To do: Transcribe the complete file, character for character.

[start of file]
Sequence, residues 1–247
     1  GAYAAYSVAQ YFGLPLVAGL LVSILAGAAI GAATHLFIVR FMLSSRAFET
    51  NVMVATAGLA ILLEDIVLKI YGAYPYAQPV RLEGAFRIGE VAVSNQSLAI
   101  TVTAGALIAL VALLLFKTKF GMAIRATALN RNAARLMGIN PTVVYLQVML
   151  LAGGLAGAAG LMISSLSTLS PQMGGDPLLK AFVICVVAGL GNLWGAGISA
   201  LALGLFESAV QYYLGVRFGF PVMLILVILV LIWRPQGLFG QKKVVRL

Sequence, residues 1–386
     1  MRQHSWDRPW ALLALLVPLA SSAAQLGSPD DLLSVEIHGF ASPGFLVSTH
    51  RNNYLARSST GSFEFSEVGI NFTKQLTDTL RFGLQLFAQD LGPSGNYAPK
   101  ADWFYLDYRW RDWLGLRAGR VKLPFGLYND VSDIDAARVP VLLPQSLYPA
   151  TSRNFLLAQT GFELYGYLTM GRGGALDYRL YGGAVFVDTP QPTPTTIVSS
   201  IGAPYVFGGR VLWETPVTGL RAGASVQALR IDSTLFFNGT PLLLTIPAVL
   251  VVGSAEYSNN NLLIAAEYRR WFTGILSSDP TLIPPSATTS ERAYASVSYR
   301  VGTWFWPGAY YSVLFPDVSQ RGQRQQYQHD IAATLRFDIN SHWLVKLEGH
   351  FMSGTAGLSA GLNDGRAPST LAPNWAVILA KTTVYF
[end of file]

Sequence, residues 1–247
     1  GAYAAYSVAQ YFGLPLVAGL LVSILAGAAI GAATHLFIVR FMLSSRAFET
    51  NVMVATAGLA ILLEDIVLKI YGAYPYAQPV RLEGAFRIGE VAVSNQSLAI
   101  TVTAGALIAL VALLLFKTKF GMAIRATALN RNAARLMGIN PTVVYLQVML
   151  LAGGLAGAAG LMISSLSTLS PQMGGDPLLK AFVICVVAGL GNLWGAGISA
   201  LALGLFESAV QYYLGVRFGF PVMLILVILV LIWRPQGLFG QKKVVRL

Sequence, residues 1–386
     1  MRQHSWDRPW ALLALLVPLA SSAAQLGSPD DLLSVEIHGF ASPGFLVSTH
    51  RNNYLARSST GSFEFSEVGI NFTKQLTDTL RFGLQLFAQD LGPSGNYAPK
   101  ADWFYLDYRW RDWLGLRAGR VKLPFGLYND VSDIDAARVP VLLPQSLYPA
   151  TSRNFLLAQT GFELYGYLTM GRGGALDYRL YGGAVFVDTP QPTPTTIVSS
   201  IGAPYVFGGR VLWETPVTGL RAGASVQALR IDSTLFFNGT PLLLTIPAVL
   251  VVGSAEYSNN NLLIAAEYRR WFTGILSSDP TLIPPSATTS ERAYASVSYR
   301  VGTWFWPGAY YSVLFPDVSQ RGQRQQYQHD IAATLRFDIN SHWLVKLEGH
   351  FMSGTAGLSA GLNDGRAPST LAPNWAVILA KTTVYF